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The United States posted a merchandise trade deficit of $7.0 billion in January, up $700 million from December, the Commerce Department reported Wednesday.

The gain was still substantially less than November's massive $8.9 billion deficit and about $500 million less than economists had expected.Japan remained the United States' biggest creditor. The U.S. trade deficit with Japan rose to $3.5 billion. The U.S. deficit with the Organization of Petroleum Exporting Countries was $2.0 billion, up from $1.9 billion the previous month.

Western Europe, meanwhile, showed a surplus with the United States of $1.1 billion, down from $1.6 billion the previous month.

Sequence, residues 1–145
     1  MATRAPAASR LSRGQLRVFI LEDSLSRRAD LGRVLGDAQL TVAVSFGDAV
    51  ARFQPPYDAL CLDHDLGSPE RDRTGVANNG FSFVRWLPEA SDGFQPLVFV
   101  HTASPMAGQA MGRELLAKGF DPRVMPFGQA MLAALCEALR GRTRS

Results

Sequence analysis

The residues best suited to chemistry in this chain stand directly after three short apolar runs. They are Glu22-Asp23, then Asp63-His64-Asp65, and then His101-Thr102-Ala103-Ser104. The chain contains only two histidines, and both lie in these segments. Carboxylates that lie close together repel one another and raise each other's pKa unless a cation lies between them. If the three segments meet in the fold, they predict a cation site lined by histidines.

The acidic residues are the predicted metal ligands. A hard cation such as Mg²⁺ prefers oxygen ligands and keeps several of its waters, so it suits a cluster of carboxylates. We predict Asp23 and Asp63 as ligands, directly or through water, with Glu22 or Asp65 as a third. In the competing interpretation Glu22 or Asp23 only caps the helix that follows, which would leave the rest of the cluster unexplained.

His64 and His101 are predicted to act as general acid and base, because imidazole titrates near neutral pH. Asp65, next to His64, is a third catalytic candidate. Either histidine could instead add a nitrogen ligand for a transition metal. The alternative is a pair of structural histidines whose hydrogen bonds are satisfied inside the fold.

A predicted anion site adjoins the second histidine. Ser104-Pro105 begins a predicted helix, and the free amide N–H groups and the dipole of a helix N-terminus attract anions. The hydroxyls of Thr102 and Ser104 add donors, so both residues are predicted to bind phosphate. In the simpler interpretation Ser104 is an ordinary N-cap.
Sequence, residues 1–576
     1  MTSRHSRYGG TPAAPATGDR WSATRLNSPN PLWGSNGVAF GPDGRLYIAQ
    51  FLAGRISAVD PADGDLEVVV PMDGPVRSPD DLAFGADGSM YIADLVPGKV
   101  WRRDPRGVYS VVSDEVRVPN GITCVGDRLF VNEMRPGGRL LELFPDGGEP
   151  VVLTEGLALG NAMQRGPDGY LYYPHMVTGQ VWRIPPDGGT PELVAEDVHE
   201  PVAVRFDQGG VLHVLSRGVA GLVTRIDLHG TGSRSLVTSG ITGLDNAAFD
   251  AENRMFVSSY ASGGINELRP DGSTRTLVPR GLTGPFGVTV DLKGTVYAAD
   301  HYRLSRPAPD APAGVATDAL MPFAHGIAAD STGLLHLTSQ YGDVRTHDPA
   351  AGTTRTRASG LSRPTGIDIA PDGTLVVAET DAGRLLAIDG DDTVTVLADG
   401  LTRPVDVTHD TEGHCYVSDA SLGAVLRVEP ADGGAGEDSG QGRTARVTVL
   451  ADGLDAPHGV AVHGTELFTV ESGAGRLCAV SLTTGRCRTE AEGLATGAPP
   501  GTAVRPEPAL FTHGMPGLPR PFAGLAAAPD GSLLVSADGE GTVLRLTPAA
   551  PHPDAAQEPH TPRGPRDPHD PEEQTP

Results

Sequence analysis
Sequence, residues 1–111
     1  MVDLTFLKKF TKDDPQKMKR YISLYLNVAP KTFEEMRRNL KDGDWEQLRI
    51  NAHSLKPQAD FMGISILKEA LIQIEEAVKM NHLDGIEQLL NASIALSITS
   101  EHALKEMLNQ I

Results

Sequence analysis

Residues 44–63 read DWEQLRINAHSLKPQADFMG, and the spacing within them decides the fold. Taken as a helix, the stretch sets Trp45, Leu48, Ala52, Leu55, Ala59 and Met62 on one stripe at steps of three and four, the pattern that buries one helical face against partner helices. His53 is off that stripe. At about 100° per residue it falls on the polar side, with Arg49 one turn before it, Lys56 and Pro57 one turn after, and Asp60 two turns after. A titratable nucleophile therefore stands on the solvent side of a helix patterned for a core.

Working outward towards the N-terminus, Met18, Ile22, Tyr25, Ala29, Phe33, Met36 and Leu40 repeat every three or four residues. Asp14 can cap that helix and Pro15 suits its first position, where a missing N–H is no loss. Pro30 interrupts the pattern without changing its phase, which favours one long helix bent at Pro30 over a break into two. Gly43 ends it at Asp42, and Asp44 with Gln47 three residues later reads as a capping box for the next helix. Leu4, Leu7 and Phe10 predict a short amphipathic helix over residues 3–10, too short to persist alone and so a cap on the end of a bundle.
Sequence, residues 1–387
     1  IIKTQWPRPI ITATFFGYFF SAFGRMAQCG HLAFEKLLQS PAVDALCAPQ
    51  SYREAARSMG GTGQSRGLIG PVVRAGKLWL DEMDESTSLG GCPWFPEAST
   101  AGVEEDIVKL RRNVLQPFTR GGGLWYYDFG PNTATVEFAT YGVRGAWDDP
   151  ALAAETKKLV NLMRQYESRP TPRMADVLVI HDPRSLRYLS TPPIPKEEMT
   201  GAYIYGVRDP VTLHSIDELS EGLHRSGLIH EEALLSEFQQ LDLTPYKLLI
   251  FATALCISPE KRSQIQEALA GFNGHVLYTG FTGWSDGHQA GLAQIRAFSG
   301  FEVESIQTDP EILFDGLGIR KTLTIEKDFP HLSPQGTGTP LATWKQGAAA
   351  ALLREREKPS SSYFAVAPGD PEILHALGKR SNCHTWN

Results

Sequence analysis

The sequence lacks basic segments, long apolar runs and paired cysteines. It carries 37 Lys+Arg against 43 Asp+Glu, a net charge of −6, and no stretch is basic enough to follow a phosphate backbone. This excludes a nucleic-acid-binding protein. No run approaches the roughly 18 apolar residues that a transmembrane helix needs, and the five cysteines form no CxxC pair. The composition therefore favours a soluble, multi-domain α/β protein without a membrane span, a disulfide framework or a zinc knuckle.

January exports, helped by increases in sales of autos, industrial supplies, consumer goods, food and beverages and a decrease in exports in other goods, edged up $1.2 billion from the previous month.

Imports, meanwhile, gained $1.9 billion over December with increases in industrial supplies, cars, consumer goods and capital goods. Imports of food, beverages and other merchandise virtually unchanged.

The United States imported more oil - 170 million barrels - than in January, but the $3.9 billion cost was still 15 million barrels less than the 1990 average.

Crude oil prices fell in January to $22.98 per barrel, down $2.72 from December but $3.25 more than the 1990 average of $19.73.

In the non-petroleum sector, January exports hit $33.5 billion with imports of $36.0 billion, resulting in a deficit of $2.5 billion - $0.7 billion higher than December's deficit.

January non-petroleum imports were $1.8 billion higher than December imports of $34.2 billion.